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Renewable Heat Incentive – The Devil is in the Detail
2011-07-14

On 24 June 2011 Ofgem published detailed guidance on accreditation and eligibility for the Renewable Heat Incentive (RHI) scheme.

Woodchip

Woodchip

The RHI is a new government scheme designed to encourage the uptake of renewable heat. The scheme is the first of its kind in the world and will provide £860 million of subsidy between 2011 and 2015, more than double the amount of funding allocated to the Feed in Tariff Scheme.

Tariffs will be paid on the basis of the metered heat produced by eligible installations. The tariffs have been calculated to provide a return on the additional capital invested of 12 per cent. Tariff rates will be adjusted every year in accordance with the UK Retail Price Index and will continue for up to 20 years from the date of accreditation. The RHI will be introduced in two phases. It is expected that support will be available to non-domestic sectors with eligible installations from the 30 September 2011 and to the domestic sector from 2012.

Rebecca Seaman of Fisher German comments “The RHI provides a fantastic economic opportunity for rural businesses looking to invest in renewable heating technologies. For example a biomass boiler providing heat to a farmhouse and several cottages at an installed cost of £155,000 would receive a subsidy payment in the region of £18,000 per annum. For certain installations that can sell heat to a third party, the returns can be as much as 22%.”

In order to gain accreditation and receive support under the RHI an applicant will have to demonstrate that the installation meets the RHI eligibility criteria which include:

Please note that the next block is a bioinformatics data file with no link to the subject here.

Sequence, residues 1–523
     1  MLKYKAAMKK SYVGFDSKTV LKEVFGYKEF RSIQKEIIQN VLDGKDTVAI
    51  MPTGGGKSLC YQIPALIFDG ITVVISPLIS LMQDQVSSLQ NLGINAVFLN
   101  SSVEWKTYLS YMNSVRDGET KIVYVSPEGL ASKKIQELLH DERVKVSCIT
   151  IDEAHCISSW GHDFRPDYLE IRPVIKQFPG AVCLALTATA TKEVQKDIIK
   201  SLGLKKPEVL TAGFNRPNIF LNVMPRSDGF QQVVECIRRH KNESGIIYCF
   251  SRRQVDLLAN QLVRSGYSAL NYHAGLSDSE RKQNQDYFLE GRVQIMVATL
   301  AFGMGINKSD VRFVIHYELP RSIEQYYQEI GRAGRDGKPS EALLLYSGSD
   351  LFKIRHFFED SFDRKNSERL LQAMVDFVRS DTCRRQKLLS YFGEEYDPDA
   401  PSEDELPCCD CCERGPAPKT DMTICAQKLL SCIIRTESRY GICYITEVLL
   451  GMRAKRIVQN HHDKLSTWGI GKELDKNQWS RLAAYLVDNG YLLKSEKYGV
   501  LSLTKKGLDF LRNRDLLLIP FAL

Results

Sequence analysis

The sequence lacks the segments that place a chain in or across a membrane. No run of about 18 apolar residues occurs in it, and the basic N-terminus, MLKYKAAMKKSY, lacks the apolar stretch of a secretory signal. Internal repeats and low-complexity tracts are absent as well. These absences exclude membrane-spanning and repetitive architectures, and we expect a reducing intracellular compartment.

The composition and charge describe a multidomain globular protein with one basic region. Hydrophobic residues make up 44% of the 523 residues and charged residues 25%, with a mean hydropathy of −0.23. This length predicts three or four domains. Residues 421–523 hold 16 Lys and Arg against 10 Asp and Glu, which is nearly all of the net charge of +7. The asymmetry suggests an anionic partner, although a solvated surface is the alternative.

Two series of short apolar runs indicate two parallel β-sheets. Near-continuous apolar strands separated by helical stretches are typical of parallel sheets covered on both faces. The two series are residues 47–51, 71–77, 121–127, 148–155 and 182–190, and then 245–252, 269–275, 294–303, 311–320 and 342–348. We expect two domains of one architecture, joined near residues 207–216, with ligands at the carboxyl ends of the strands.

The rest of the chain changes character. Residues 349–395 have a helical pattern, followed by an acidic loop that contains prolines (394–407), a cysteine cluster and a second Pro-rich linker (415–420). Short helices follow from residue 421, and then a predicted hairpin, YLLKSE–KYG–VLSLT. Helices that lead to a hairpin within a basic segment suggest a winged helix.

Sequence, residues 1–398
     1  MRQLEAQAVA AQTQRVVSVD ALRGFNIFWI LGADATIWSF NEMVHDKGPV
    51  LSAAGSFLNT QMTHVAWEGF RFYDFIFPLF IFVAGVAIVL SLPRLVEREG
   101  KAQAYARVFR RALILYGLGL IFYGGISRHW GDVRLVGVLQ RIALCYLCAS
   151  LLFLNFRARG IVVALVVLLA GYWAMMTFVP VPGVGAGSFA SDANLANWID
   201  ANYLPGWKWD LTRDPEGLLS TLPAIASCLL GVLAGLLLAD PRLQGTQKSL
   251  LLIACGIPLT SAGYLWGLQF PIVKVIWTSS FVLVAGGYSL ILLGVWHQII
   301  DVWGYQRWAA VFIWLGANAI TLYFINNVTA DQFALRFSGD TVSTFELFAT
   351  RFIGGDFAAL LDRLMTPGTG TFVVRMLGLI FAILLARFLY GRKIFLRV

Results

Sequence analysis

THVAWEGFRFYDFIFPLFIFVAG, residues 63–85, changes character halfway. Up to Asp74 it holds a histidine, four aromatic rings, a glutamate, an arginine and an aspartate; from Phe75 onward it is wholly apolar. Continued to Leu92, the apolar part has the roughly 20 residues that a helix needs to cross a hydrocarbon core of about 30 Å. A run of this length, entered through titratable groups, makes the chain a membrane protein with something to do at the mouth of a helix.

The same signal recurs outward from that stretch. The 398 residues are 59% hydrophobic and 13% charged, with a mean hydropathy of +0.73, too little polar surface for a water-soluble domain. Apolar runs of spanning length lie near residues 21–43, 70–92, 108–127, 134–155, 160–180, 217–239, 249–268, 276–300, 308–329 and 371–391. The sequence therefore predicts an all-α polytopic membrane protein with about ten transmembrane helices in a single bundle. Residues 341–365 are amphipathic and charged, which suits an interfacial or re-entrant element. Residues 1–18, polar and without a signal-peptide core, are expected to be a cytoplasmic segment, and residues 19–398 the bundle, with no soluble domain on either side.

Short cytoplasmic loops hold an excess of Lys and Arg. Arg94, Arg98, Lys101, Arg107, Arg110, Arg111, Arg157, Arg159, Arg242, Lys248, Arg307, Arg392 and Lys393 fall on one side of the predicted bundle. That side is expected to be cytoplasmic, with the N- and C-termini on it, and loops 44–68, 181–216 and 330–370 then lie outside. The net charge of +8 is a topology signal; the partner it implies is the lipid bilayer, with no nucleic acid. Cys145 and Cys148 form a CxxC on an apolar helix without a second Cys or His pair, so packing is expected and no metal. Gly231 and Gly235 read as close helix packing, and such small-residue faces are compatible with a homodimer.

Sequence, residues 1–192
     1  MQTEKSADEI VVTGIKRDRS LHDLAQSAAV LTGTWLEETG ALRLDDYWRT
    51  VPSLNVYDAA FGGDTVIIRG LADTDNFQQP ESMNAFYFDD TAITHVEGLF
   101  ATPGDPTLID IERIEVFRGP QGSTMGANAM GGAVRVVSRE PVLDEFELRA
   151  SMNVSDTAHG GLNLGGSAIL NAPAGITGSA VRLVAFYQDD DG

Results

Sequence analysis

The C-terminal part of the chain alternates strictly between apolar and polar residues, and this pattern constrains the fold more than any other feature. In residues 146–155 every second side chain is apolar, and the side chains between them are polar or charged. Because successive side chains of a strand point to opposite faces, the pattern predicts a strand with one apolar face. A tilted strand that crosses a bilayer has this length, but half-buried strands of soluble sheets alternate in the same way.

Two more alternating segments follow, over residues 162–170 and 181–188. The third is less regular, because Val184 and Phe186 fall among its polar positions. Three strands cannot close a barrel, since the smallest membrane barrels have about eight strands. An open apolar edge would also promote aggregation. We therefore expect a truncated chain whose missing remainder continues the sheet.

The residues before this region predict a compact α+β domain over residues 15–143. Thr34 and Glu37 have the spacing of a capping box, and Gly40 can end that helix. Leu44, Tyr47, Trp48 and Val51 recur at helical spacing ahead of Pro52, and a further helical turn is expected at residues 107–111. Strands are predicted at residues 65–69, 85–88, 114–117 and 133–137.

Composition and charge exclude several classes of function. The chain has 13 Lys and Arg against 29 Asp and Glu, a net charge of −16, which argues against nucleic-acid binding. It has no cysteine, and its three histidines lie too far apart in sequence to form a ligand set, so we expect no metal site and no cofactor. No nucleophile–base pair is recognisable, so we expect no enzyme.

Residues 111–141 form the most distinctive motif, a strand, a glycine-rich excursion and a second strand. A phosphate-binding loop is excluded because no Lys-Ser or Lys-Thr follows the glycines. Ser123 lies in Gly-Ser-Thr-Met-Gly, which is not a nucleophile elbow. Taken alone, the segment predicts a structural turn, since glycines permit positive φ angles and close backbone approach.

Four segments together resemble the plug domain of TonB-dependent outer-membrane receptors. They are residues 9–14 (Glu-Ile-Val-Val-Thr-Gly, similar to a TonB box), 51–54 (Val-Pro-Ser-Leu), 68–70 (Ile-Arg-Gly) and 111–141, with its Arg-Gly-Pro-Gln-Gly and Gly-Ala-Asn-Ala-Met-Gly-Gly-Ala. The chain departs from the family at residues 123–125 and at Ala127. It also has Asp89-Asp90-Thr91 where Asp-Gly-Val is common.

· the renewable heat technology type and size is eligible;
· the installation was completed and first commissioned on or after 15 July 2009; and
· the heat is for eligible purposes

Rebecca Seaman of Fisher German advises “A renewable heat installation must satisfy the detailed eligibility criteria to ensure that it benefits the RHI. For example the installation must provide useful heat which is measured by an approved heat meter.”

If you are interested in generating heat from renewable heat sources and would like to benefit from the Renewable Heat Incentive, it is important to consider the physical and economic viability of the technologies available and the eligibility criteria of the RHI scheme.

For further information on renewable heat technologies and the Renewable Heat Incentive (RHI) Scheme, contact Rebecca Seaman on 01858 410200.

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